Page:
Very rare double-sided map sheet featuring a trio of plans of important Spanish American ports: Havana (Cuba), Portobello (Panama) and Cartagena (Colombia), published by Pierre Mortier in 1702, during the War of Spanish Succession.
This rare map sheet features three maps, printed on both sides of the sheet, with two maps (Havana and Portobello) printed on the obverse side, and the map of Cartagena printed on the reverse side. These three harbors were amongst the most important locations in the Spanish Empire, as they were each major transhipment points for the Spanish treasure galleons, before they made the journey from the New World to Spain. These maps were also published at a key time, during the War of Spanish Succession (1701-13), which essentially pitted the Spanish Bourbons and their French familial allies against Great Britain. The war in the West Indian theater produced a tense atmosphere where English pirates sparred with the Spanish guarda costas, and where Spain's major New World ports remained in a constant state of alert against attack from the British Royal Navy. While none of these three ports was ever attacked during this war, the possibility of conflict ensured that they were at the top of the news and that these maps would have been of great interest to observers throughout Europe.
The first map, Baye et Ville de Havana, ou S. Cristova l, features the city and harbor of Havana, Cuba. Founded in 1513, Havana had become a sizeable city that was considered the be the most 'European' and sophisticated city in the Americas. The large natural harbor is shown to be guarded by the Velha Fort and the Moro Fort (the latter a great stone edifice built in 1589). During the time that this map was made, the city's distinctive city walls were in the process of being built. Havana was critically important, as it was the final terminus for the Spanish galleons before they transited the Atlantic for Spain. Always a key target for the British, it was not successfully besieged until 1762.
The second map, Bay et Chateau de Porto Bello, depicts the key harbor of Portobello, Panama. Located on the Caribbean side of the Panamanian isthmus, since 1597, it had been the most important loading point on the Atlantic side for Peruvian silver and gold on its way to Spain. Ships transported the silver up the Pacific coast from Callao to Panama City, and then overland to Portobello by horse and mule train. While a small town, it hosted a very important annual market and, as shown, it was guarded by two large forts. 'The Kings Stabels' marks the point where the treasure was unloaded. English pirates had long preyed upon Portobello. Captain Willam Parker successfully sacked the town in 1601, followed three generations later by the legendary pirate Sir Henry Morgan, in 1668. The town remained safely in Spanish hands during the War of Spanish Succession, but would be successfully taken by Admiral Edward Vernon in 1739.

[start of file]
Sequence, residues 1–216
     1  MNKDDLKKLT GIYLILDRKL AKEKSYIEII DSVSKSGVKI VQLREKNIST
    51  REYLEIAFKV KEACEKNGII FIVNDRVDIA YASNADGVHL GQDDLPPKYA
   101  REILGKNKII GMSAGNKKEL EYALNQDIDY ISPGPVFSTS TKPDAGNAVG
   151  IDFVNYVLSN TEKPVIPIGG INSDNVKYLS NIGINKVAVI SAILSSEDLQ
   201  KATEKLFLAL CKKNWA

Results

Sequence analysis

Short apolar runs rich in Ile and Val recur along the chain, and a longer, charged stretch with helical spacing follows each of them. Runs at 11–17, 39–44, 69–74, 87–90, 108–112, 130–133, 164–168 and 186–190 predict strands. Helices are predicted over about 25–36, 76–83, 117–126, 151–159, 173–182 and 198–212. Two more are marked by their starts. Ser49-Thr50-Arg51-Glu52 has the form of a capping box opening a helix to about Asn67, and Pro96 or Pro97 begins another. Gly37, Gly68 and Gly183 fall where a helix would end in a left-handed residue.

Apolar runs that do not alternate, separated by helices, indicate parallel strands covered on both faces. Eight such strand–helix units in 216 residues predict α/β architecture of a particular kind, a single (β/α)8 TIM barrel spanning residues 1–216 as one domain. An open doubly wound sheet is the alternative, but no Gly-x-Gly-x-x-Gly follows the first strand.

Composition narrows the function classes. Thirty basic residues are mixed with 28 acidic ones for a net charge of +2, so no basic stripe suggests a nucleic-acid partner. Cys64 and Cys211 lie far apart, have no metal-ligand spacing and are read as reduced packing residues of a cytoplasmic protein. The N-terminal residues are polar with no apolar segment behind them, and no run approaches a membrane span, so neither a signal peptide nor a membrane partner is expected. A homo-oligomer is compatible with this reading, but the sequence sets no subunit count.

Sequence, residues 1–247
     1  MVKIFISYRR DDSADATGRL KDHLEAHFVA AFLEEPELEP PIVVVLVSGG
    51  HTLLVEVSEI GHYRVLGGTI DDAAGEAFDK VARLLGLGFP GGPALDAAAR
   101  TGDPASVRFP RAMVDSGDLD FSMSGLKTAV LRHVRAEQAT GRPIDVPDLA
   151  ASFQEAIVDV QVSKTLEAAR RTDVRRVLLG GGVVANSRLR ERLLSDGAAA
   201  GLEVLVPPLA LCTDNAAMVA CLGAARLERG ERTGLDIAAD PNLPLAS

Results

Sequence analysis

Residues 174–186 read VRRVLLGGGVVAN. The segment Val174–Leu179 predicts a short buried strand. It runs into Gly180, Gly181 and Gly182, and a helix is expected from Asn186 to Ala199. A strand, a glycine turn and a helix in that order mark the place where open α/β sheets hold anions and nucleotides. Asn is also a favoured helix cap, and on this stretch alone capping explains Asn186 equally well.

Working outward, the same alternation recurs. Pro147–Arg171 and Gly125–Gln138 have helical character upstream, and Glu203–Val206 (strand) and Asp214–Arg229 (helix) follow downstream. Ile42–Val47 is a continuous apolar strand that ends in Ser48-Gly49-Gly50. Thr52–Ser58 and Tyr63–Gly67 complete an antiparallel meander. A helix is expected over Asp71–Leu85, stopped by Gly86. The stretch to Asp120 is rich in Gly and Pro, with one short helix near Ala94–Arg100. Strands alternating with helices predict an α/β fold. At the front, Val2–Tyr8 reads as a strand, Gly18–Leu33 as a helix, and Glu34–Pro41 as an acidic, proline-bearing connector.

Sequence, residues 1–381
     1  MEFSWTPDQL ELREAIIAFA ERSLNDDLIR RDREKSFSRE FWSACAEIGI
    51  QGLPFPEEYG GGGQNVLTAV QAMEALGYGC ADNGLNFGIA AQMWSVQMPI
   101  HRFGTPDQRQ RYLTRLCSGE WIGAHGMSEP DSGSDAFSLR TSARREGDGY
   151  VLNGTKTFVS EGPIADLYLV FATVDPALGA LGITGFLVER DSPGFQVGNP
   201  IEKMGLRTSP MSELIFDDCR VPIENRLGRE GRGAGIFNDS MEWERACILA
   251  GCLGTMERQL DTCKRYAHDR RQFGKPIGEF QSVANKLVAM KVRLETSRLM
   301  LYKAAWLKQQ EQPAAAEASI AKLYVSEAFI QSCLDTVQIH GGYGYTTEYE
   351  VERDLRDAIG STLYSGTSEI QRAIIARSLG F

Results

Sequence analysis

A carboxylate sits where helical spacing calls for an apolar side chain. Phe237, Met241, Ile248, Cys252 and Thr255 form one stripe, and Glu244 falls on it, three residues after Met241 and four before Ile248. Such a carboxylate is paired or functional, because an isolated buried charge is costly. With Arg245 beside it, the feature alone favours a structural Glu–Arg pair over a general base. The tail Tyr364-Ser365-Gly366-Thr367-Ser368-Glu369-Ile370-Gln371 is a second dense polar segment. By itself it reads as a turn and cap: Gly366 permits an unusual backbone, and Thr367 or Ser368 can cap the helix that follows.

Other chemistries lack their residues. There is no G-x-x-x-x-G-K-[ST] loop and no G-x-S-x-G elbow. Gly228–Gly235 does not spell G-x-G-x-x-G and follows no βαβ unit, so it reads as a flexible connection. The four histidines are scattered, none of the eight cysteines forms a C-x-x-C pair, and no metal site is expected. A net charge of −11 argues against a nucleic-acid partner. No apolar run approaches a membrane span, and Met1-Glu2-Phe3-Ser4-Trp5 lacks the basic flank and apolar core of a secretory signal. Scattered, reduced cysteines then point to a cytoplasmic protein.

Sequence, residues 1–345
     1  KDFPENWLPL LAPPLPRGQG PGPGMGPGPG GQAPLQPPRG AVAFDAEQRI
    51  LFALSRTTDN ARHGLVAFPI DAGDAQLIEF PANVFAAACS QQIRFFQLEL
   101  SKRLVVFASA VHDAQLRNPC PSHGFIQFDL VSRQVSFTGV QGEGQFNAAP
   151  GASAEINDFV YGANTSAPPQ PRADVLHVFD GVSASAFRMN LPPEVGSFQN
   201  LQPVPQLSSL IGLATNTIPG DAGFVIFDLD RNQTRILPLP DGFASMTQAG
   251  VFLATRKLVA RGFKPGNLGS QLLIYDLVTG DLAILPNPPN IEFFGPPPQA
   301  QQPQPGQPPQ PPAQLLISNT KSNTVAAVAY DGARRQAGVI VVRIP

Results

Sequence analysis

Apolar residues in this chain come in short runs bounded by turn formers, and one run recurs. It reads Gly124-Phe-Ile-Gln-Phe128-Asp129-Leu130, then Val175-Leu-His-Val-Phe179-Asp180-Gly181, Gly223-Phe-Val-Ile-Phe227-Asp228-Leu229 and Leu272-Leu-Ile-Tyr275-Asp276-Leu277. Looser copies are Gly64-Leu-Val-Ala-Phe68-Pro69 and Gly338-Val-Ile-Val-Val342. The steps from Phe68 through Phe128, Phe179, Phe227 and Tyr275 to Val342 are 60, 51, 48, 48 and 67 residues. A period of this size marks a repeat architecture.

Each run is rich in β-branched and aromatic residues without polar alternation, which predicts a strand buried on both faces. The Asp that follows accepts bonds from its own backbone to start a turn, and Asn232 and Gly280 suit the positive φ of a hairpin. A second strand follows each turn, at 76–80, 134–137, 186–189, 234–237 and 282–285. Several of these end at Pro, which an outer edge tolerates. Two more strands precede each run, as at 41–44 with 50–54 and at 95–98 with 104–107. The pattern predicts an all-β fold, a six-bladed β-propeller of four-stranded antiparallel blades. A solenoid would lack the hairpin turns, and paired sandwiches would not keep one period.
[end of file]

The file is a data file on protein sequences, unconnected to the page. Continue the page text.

The third map, Cartagene avec ses Ports, et Fortresses, depicts the important city of Cartagena, on the Caribbean coast of Nueva Granada (Colombia). Founded in 1533, it was by far the most important Spanish center on the Atlantic side of South America. Most of the gold, silver and emeralds from Nueva Granada flowed through its harbor on its way to Spain. As shown, the city was guarded by an extensive series of forts, including Fort San Lazaro and Fort Boccachica. But this was not always enough to protect it from attack. Most recently, in 1697, the French pirate and admiral, Jean-Baptiste du Casse had taken the city, although it was soon returned. Famously, in 1586, Sir Francis Drake seized Cartagena and ransomed it for an enormous sum.
The present map sheet appeared in Pierre Mortier's Les forces de 'Europe, Asie, Afrique et Amerique ou description des principales villes, avec leurs fortifications... (Amsterdam in 1702). Pierre Mortier (1661-1711) was a successful Dutch publisher of Huguenot extraction, who specialized in introducing the finest contemporary French cartography to the Netherlands, and the broader European market at large. Editions of these maps were first issued by Nicolas De Fer (Paris, 1694-1697), as 3 of the 4 American plans in his work (the fourth being Quebec City).
Pierre, or Pieter, Mortier (1661-1711) was a Dutch engraver, son of a French refugee. He was born in Leiden. In 1690 he was granted a privilege to publish French maps in Dutch lands. In 1693 he released the first and accompanying volume of the Neptune Francois. The third followed in 1700. His son, Cornelis (1699-1783), would partner with Johannes Covens I, creating one of the most important map publishing companies of the eighteenth century.